Home Workplace Legislation/Press Releases Nova Scotia commemorates 75 years of the universal declaration of human rights

Nova Scotia commemorates 75 years of the universal declaration of human rights

by HR Law Canada

In an historic acknowledgment of the 75th anniversary of the United Nations’ Universal Declaration of Human Rights, Nova Scotia, led by Premier Tim Houston, has dedicated December 3-10 as Nova Scotia Human Rights Week. This declaration, a pivotal document in global history, established a commitment to safeguard the rights of all individuals.

To mark this significant anniversary, the Nova Scotia Human Rights Commission has organized a week filled with various events and activities focusing on human rights education and celebration.

Brad Johns, Attorney General and Minister of Justice, emphasized the milestone represented by the Universal Declaration of Human Rights, highlighting its foundational principle that all humans are inherently equal in dignity and rights. Johns also expressed pride in the province’s efforts to dismantle systemic barriers, combat inequities, and eradicate hate.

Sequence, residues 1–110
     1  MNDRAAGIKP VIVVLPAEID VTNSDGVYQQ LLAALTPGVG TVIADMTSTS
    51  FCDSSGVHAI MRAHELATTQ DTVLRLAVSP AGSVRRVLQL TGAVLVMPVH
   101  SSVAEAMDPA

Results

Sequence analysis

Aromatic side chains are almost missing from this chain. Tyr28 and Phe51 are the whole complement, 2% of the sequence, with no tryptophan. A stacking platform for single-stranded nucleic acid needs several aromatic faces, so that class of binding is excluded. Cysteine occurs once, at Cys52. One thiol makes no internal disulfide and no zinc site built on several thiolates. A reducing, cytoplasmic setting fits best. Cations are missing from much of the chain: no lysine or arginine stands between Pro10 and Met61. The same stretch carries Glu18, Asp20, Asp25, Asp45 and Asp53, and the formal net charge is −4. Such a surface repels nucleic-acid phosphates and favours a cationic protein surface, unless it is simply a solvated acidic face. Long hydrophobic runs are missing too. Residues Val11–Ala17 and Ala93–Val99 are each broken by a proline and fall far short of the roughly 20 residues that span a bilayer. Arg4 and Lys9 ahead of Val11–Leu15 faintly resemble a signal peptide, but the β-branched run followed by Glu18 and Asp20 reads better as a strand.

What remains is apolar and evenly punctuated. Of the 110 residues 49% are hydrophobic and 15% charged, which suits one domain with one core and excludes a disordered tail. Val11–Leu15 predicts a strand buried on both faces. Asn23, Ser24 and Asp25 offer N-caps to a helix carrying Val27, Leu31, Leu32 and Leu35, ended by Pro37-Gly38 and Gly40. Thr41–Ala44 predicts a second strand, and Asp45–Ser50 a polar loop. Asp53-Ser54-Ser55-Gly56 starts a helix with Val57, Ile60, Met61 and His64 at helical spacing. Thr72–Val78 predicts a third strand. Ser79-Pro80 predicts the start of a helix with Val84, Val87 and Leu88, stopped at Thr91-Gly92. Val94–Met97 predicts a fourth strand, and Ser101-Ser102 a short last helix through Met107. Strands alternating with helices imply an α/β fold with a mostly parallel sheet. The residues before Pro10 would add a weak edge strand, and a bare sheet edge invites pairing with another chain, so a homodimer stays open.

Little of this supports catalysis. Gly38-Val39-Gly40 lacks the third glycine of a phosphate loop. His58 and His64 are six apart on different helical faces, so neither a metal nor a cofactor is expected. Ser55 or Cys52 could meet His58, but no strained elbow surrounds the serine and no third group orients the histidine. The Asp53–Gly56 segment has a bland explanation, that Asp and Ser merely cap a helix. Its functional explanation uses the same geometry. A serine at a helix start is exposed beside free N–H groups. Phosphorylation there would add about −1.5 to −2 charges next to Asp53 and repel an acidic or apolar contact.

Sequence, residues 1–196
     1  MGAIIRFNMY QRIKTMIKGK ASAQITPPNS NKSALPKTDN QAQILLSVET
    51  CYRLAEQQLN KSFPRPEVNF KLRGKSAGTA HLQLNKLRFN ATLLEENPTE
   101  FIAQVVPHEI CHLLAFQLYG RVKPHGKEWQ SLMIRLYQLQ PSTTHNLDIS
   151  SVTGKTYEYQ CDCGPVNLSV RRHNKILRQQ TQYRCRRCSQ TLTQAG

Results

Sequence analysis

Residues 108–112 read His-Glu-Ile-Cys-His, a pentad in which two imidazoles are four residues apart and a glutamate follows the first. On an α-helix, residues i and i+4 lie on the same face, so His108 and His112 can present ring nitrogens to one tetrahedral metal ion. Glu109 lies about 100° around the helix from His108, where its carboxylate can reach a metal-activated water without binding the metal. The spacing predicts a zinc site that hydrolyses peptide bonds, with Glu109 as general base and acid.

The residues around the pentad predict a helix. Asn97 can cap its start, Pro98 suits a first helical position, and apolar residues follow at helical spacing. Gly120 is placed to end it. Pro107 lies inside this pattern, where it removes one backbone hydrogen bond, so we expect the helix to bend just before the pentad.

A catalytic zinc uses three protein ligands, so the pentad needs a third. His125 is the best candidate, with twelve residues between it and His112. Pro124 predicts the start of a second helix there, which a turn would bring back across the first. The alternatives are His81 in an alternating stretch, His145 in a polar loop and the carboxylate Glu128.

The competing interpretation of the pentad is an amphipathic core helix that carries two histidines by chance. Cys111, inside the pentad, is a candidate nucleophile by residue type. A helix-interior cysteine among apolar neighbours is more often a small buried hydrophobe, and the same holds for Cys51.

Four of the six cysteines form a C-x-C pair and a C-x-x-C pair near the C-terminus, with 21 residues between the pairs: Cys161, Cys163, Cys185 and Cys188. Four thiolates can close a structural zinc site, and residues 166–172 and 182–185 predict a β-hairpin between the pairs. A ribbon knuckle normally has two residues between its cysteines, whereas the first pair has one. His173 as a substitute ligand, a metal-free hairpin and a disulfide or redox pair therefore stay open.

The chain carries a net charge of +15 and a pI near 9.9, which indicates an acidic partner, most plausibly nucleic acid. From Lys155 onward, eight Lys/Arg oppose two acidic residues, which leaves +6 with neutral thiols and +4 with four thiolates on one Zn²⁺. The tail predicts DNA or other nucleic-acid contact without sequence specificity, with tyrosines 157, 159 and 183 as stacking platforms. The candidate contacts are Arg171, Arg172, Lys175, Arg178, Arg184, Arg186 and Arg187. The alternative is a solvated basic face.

Nova Scotia has been at the forefront of promoting human rights, as evidenced by its introduction of the Equity and Anti-Racism Strategy and the Mi’kmaw Language Act.

These initiatives, particularly recognizing Mi’kmaw as the province’s first language, have been acknowledged in Canada’s fourth Universal Periodic Review by the UN Human Rights Council. This review is a regular peer assessment of member states’ human rights records.

Joseph Fraser, Director and CEO of the Nova Scotia Human Rights Commission, stressed the importance of human rights in fostering safe, equitable communities and in upholding the inherent dignity of all individuals. He pointed out that, in a world increasingly divided by polarizing politics, violence, poverty, and a national housing crisis, the principles of human rights law offer a unifying framework.

The week’s events include a collaboration with the Atlantic International Film Festival to provide free access to the Nova Scotia-set film “Dawn, Her Dad & the Tractor.”

Additionally, there will be virtual panels discussing trans representation in film, housing and human rights issues, and the 2023 Nova Scotia Human Rights Awards ceremony, which will be livestreamed from the Halifax Central Library.

The Human Rights Week also encompasses significant dates such as the International Day for Persons with Disabilities on December 3, the National Day of Remembrance and Action on Violence Against Women on December 6, and the International Human Rights Day on December 10.

This celebration comes 75 years after the adoption of the Universal Declaration of Human Rights by the United Nations General Assembly in Paris on December 10, 1948.

This declaration set a global standard for human rights, emphasizing their universal protection. For more information and a full schedule of events, visit the Nova Scotia Human Rights Commission’s website.

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